January 05, 2010
Four New Yorkers Named To USDA Fruit & Vegetable Advisory Committee
Newly Formed Committee will Help Advise Secretary on Issues Facing Industry
New York State Agriculture Commissioner Patrick Hooker today announced that four New Yorkers have been named members of the new USDA Fruit and Vegetable Industry Advisory Committee. The committee, made up of a total of 25 members, will help advise USDA Secretary Tom Vilsack on issues affecting the nation’s fruit and vegetable industry.
“We are so pleased to see New York represented on this new committee,” the Commissioner said. “These four leaders will effectively characterize the statewide importance and diversity of our fruit and vegetable industry here in New York. In addition to being accomplished in their own business operations, all four of these individuals have served in leadership positions in their respective commodity and farm organizations, which will serve this committee and the interests of other New York producers very well.”
The four New York members selected for the USDA Fruit and Vegetable Industry Advisory Committee include:
Robert Nolan of Deer Run Farms, LLC in East Patchogue (Suffolk County)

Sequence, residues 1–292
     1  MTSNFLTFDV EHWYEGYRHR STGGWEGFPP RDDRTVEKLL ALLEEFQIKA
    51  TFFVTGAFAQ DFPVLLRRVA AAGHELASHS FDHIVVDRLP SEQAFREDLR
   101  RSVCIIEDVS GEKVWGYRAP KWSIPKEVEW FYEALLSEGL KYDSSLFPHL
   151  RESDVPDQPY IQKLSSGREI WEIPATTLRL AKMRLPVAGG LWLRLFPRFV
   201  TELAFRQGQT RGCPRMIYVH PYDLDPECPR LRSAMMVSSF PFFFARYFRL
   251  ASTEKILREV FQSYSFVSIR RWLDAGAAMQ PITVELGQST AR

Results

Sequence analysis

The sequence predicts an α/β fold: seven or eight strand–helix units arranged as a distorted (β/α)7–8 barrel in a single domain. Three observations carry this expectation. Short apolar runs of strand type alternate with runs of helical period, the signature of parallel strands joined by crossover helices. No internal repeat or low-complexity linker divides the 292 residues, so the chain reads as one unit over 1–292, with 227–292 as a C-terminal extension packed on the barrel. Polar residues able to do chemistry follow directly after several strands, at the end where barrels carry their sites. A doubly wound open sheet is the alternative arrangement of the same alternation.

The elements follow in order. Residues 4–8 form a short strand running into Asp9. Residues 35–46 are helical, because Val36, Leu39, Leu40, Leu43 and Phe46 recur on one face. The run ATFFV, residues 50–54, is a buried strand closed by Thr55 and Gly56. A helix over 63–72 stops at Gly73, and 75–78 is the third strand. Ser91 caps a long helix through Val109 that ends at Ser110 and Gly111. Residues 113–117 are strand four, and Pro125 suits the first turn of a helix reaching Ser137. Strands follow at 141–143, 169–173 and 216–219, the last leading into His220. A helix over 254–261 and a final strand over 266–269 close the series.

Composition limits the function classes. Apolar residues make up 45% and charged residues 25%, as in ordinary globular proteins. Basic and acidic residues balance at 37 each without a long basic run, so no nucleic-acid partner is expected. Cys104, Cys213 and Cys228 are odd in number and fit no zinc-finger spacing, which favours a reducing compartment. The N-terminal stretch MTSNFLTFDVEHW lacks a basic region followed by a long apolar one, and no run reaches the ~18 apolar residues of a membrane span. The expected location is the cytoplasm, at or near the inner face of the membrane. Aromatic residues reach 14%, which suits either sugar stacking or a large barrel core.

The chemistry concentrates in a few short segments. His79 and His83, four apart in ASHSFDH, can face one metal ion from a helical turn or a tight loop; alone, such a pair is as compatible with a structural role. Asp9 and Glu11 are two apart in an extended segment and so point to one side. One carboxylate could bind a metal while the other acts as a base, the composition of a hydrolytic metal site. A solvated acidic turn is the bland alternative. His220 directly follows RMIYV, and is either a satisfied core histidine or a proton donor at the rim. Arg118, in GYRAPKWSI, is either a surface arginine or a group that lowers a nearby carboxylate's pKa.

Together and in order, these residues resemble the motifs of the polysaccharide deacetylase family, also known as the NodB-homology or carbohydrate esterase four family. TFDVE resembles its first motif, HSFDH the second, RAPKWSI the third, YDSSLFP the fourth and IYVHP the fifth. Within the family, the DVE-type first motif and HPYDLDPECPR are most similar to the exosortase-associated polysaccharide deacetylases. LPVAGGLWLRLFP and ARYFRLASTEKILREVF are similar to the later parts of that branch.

Brent Roggie of National Grape Cooperative in Westfield (Chautauqua County)
Maureen Torrey of Torrey Farms in Elba (Genesee County)
Oscar Vizcarra of Becker Farms in Gasport (Niagara County)
Committee members were selected from individuals nominated by their peers. The 25 members represent fresh fruit and vegetable growers and shippers, fresh fruit and vegetable wholesalers, retailers, industry trade associations, importers, fruit and vegetable processors, foodservice suppliers, fresh-cut processors, brokers and state departments of agriculture. Each member is appointed to a two-year term. The first meeting will be held in Washington, D.C. A date for that meeting has yet to be announced.
New York produces a variety of fruits and vegetables and is a national leader in production of some commodities. New York nationally ranks first in cabbage, second in apples, third in grapes and cauliflower, and fourth in tart cherries, pears, pumpkins, sweet corn, squash and snap beans. Last year, New York farmers received $981 million from the sale of fruits and vegetables.
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